Oracle Label Security Part 2: Policy Creation

In the previous post we outlined Oracle Label Security and set it up in our 12c database. Now we are actually going to implement the policy against our table. What we want to produce is a table (let’s call it ‘documents’) that will store sensitive data. That data will either be ‘Top Secret’ or ‘Secret’ and belong to one of a number of groups or compartments (‘Fraud’, ‘Narcotics’ and ‘Terrorism’). We want users to be able to log in and not have to worry about security (nor do we want them to be able to look at documents they don’t have access to). Basically we want every user to be able run ‘SELECT * FROM documents’ and get only the documents they are supposed to see.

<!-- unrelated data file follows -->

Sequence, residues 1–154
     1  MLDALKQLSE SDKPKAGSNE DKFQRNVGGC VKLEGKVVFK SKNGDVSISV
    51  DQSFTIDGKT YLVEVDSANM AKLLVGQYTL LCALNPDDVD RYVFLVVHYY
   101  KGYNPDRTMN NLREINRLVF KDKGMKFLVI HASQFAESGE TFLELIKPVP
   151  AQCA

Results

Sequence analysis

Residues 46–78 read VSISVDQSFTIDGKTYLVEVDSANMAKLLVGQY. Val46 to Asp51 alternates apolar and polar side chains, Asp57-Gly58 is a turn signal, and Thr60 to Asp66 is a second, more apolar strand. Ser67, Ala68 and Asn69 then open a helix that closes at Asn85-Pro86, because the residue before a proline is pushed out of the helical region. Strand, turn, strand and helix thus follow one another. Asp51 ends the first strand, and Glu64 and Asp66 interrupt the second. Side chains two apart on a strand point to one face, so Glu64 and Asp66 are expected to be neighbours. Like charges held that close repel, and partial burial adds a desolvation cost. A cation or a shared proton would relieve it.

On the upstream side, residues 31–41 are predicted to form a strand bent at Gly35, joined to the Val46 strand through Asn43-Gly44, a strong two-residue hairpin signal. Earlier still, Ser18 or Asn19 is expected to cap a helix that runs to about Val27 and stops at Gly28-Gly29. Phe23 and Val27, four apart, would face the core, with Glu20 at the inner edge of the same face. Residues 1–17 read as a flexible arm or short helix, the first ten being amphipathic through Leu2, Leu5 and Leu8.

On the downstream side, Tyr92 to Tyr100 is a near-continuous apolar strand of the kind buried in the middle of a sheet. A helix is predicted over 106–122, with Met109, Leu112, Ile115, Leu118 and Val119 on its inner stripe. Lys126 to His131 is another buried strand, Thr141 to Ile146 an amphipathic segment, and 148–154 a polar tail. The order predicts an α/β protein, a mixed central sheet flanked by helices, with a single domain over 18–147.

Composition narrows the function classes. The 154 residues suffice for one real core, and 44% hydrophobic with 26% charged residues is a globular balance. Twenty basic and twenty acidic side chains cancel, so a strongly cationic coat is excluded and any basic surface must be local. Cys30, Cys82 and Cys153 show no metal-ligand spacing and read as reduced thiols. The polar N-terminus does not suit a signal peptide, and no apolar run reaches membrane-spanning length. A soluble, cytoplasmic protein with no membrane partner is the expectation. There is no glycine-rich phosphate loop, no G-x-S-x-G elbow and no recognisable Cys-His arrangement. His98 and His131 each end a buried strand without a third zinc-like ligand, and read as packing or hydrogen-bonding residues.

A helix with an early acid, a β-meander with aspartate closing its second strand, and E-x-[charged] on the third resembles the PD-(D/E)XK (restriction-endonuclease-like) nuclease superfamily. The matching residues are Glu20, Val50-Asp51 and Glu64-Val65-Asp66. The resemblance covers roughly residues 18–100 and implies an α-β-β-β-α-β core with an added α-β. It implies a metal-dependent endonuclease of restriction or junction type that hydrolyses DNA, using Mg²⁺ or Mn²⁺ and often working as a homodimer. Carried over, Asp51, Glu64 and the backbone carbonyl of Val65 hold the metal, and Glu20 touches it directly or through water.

I’ve uploaded a script to GistBox that will run all the SQL below. It contains some clean-up before it runs the SQL below, so you can run it as many times as you like. Just modify all the defines at the beginning of the script to match your environment and then run the script in sqlplus with @secdemo

First we need to open the encryption wallet with the following command, so that we can begin work on our encrypted tablespaces

ALTER SYSTEM SET ENCRYPTION WALLET OPEN IDENTIFIED BY "welcome1";

With the wallet open we can now create our tablespace. This will encrypt our data on the file system using AES256. This will mean that if someone manages to copy the database they won’t be able to read any of the data. Much more secure!